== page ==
The magnitude of what is going on in our world lately is overwhelming; I can only imagine how it must feel to people of color. Last week, I had a breakdown in front of my husband, sobbing about not knowing how to teach our son Sam to be the type of person the world needs more of: smart, kind, strong, and willing to “be the change.”
Our son is not quite ten months old.
He may be young, but he’s learning things every single day. And he’s learning them FAST. It’s up to us as his parents to make sure he’s learning the right things. A dear friend of mine is feeling the same way and told me just tonight “I haven’t been able to sleep much. I feel like I need to be doing more and the pressure of raising two white males feels very heavy at the moment. I just want to get it right.”
“I just want to get it right.”
If that isn’t the damn truth. But that is what we mothers do, isn’t it? We bear the heaviness because we have to get it right.
When I was pregnant for my son, I spent countless hours researching baby items for my registry. Everything that went on that list was heavily vetted first. I poured over product ratings and reviews and searched through dozens of recall bulletins. I took childbirth classes and breastfeeding classes, I committed the 5 S’s for soothing fussy babies to memory. I studied safe sleep practices, compared and contrasted various feeding styles, and visited the American Academy of Pediatrics website almost daily. When it came to adding things like toys and books to the list, I consulted Montessori guidelines because they encourage kids to experiment and learn through play.
I was checking every box to make sure my child was getting the best I could offer him because I had to get it right.
A few days ago, I noticed my friend Brittany had posted a photo on Facebook of a pack of Crayola colored pencils with “Multicultural” emblazoned across the box (there was also a pack of Multicultural crayons pictured). I was intrigued. I have an infant, so the only crayons I have are the egg-shaped ones that are easy for his tiny hands to grip. We don’t use them much since he’s more interested in putting them in his mouth than to paper, but they are great when he needs to “sign” a card for his dad’s birthday. Seeing the various skin tones represented in the box made me realize that I have a playroom full of toys, books, and a budding collection of art supplies – but hardly anything in the way of teaching him about the diversity of the world around him.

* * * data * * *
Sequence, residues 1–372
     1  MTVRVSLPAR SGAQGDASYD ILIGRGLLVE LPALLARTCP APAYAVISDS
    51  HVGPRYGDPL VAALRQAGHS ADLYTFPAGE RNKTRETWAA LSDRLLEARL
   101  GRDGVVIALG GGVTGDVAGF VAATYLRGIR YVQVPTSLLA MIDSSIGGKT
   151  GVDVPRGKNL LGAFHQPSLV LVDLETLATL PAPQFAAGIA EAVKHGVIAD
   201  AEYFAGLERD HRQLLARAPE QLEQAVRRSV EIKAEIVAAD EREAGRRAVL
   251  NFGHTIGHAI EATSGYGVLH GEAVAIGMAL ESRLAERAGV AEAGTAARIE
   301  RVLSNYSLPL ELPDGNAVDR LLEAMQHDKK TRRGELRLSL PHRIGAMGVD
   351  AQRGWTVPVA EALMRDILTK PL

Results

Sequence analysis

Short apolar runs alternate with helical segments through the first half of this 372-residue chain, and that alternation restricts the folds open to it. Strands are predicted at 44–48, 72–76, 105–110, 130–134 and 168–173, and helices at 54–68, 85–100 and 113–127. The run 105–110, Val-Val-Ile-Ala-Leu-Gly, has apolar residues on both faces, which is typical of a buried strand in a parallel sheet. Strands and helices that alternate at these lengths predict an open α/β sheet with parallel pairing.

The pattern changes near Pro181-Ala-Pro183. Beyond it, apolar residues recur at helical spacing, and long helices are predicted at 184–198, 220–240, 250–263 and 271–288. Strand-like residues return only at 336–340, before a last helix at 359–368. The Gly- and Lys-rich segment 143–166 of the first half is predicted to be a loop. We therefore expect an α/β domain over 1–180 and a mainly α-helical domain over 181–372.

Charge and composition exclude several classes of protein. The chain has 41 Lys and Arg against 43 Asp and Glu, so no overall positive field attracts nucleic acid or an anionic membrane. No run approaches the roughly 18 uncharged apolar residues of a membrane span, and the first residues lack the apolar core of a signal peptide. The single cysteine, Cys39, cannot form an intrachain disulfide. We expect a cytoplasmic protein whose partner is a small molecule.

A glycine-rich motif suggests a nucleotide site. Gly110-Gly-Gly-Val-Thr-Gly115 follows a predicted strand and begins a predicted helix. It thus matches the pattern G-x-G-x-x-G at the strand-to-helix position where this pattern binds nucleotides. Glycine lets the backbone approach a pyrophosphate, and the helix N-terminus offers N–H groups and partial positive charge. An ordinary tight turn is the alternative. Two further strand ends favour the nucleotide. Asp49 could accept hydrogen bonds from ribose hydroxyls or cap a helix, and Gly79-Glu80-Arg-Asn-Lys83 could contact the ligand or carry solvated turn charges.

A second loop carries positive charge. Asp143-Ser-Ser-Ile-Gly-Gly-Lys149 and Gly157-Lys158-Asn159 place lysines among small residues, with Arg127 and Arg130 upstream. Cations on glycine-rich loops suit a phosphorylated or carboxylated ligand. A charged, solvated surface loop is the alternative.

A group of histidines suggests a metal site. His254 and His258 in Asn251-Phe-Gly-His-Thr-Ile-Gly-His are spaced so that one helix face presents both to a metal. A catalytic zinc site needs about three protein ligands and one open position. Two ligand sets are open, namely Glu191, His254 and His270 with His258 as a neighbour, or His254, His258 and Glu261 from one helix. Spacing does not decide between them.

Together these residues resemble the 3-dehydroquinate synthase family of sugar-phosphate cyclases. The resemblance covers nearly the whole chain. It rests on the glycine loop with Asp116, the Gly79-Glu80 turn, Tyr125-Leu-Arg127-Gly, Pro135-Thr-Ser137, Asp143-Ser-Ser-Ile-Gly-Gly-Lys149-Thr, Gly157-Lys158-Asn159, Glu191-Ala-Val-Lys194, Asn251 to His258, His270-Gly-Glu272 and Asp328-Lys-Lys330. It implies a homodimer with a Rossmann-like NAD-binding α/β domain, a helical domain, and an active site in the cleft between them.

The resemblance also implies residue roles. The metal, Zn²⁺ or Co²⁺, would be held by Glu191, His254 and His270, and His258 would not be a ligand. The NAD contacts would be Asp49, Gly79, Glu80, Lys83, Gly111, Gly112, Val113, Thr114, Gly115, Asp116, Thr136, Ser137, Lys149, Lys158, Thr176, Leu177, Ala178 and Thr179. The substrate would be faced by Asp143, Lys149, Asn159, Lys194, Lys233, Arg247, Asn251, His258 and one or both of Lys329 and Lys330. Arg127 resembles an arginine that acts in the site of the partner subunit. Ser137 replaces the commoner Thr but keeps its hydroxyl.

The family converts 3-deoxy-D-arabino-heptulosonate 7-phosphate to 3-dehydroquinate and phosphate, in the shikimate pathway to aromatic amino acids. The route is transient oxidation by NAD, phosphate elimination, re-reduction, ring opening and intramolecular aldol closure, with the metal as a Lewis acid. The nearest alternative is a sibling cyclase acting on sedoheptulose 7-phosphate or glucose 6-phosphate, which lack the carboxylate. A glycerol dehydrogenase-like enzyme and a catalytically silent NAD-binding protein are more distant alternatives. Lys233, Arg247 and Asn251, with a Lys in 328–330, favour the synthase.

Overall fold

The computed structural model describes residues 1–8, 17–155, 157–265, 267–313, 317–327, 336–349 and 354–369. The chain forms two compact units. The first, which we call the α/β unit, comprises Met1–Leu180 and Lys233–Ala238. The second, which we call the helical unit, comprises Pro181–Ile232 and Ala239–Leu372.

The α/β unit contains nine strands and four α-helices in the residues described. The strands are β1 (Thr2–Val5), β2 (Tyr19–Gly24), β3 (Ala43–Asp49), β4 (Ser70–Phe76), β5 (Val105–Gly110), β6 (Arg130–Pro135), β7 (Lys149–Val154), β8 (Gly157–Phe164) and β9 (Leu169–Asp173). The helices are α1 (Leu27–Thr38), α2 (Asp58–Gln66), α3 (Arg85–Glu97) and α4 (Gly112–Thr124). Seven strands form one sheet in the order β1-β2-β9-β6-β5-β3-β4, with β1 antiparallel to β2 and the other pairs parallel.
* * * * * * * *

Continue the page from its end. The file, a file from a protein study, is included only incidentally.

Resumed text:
I commented on Brittany’s photo, explaining that I want to stock my son’s playroom with items like those colored pencils and asking her if there were any toys or books she could recommend. Since she’s the mother of three multiracial kids under age 9, I figured she probably had a few suggestions.
Ha! I should’ve known that a woman holding a master’s degree in science who’s a college chemistry lecturer would be a bit more thorough than to send just “a few” suggestions! She spent her entire day curating an exhaustive list of resources that she’s used in her own home over the years to share with me. I was floored and grateful.
She explained in her email to me that she hadn’t necessarily gone out looking for books about black families, but if she was looking at options for books on bedtime, it just made sense to get the one that featured a black family. She told me she yearns “for content where people of different races and sexual identity especially can just exist. But obviously we are not there yet.”
Reading her words made me realize that I never had to make that decision. My white family is society’s “default” and it takes virtually no effort at all to find a book with a family that looks like ours.
Hello again, white privilege.
I was so grateful that Brittany had been so generous with her time and effort in answering my question about recommendations, but I was suddenly a bit embarrassed for even asking her in the first place. It hadn’t crossed my mind that, in my quest to be helpful, I put the onus on her. Here I was, a white woman asking a person of color to help me fix a problem that I basically contribute to. Oof. I cringed.
But Brittany knocked it out of the park again and replied, “Let me just say it’s easy to support people with good hearts.” She gave me grace because she knows I’m trying to be proactive, to enact positive change starting in my own home. She knows that I’m doing my best to get it right.
Thank you again for EVERYTHING, Brittany.
Especially the grace.
For a printable of Brittany’s list along with some other great resources for teaching children about diversity, click HERE.
For more information about books on racism, inclusion and empathy, please see this post from Red Stick Mom.